2. On October 28, 2002, Annette Gonzales, Adam Gonzales and Steve Gonzales conveyed their interests in the Fran Drive Property by a deed designating Annette Gonzales as the transferee. ( Exhibit 2; Testimony of Adam Gonzales and Steve Gonzales ). The deed was recorded in the records of Grant County, New Mexico on October 29, 2002. ( Exhibit 2 ).
3. Ms. Gonzales borrowed money in her own name secured by the Property to fix up the Property and to pay some of her personal bills, and did not tell the lender that she did not own the Property for her own account. ( Testimony of Annette Gonzales ).
*2 4. On January 6, 2010, Annette Gonzales executed a deed conveying her interest in the Fran Drive Property to her daughter, Nichole Montoya. ( Exhibit 3; Testimony of Annette Gonzales ). The deed was recorded in the records of Grant County, New Mexico on January 7, 2010. ( Exhibit 3 ).
5. After the recordation of the deed of the Fran Drive Property to Ms. Gonzales on January 7, 2010, Annette Gonzales received notice of a proposed wage garnishment. As a result of the wage garnishment, Ms. Gonazles could not pay her bills as they became due, and for that reason consulted a bankruptcy attorney and subsequently commenced this chapter 7 case. ( Testimony of Annette Gonzales ).
6. Annette Gonzales filed her voluntary petition under Chapter 7 of the Bankruptcy Code on April 15, 2010 (the "Petition Date").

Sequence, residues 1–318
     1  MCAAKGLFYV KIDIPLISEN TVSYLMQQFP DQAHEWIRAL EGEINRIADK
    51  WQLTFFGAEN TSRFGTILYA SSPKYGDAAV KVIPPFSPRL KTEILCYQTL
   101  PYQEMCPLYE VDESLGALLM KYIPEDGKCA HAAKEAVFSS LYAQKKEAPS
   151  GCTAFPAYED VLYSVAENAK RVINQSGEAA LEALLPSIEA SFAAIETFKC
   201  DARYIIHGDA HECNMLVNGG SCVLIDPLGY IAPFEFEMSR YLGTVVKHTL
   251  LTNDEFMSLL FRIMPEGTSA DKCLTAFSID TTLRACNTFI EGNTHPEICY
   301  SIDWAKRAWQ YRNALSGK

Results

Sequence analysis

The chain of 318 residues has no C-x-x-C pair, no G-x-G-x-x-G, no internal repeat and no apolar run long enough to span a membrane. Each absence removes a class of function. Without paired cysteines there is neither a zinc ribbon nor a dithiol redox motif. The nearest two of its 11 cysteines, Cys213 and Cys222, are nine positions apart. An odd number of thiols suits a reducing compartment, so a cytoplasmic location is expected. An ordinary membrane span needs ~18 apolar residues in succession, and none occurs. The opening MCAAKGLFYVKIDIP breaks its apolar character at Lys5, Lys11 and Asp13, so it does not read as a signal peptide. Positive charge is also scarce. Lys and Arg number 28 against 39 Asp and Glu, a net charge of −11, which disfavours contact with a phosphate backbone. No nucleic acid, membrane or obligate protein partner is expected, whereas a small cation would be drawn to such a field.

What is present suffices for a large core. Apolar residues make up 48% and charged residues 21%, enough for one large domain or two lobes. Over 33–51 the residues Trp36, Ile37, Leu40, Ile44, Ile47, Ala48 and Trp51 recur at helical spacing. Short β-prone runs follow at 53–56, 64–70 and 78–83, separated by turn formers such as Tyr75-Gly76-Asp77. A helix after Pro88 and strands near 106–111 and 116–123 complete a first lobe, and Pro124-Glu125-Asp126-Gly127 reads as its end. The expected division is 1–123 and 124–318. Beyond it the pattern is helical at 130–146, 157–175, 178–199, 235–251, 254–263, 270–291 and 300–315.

The Trustee seeks to recover the Fran Drive Property from Ms. Montoya as a fraudulent transfer pursuant to 11 U.S.C. sec. 548(a)(1)(B). At trial the Trustee advised the Court that he only sought recovery pursuant to Section 548(a)(1)(B). The Trustee is not claiming, pursuant to 11 U.S.C. sec. 548(a)(1)(A), that the transfer was made with the actual intent to hinder, delay or defraud creditors. "The cause of action under Section 548(a)(1)(B) is often referred to as "constructive fraud" because it omits any element of intent." FN1 To sustain a cause of action under Section 548(a)(1)(B) the plaintiff must satisfy the requirements of 11 U.S.C. secs. 548(a)(1), 548(a)(1)(B)(i), and 548(a)(1)(B)(ii). To satisfy these requirements with respect to a transfer of an interest in property, the Trustee must establish four things: first, that there was a transfer of an interest of the debtor in property, see 11 U.S.C. sec. 548(a)(1); second, that the transfer was made voluntarily or involuntarily on or within two years before the date of the filing of the bankruptcy petition, see 11 U.S.C. sec. 548(a)(1); third, that the debtor received less than reasonably equivalent value in exchange for the transfer, see 11 U.S.C. sec. 548(a)(1)(B)(i); and fourth, that either (I) the transfer was made when the debtor was insolvent or the debtor became insolvent as a result of such transfer,FN2 (II) the debtor was engaged or about to become engaged in a business or a transaction for which its remaining property represented an unreasonably small capital, (III) the debtor intended to incur debts beyond its ability to repay them as they matured, or (IV) the debtor made the transfer to or for the benefit of an insider, under an employment contract and not in the ordinary course of business, see 11 U.S.C. secs. 548(a)(1)(B)(ii)(I)—(IV). The Plaintiff bears the burden of proving all of four of these elements in order to recover under Section 548(a)(1)(B). FN3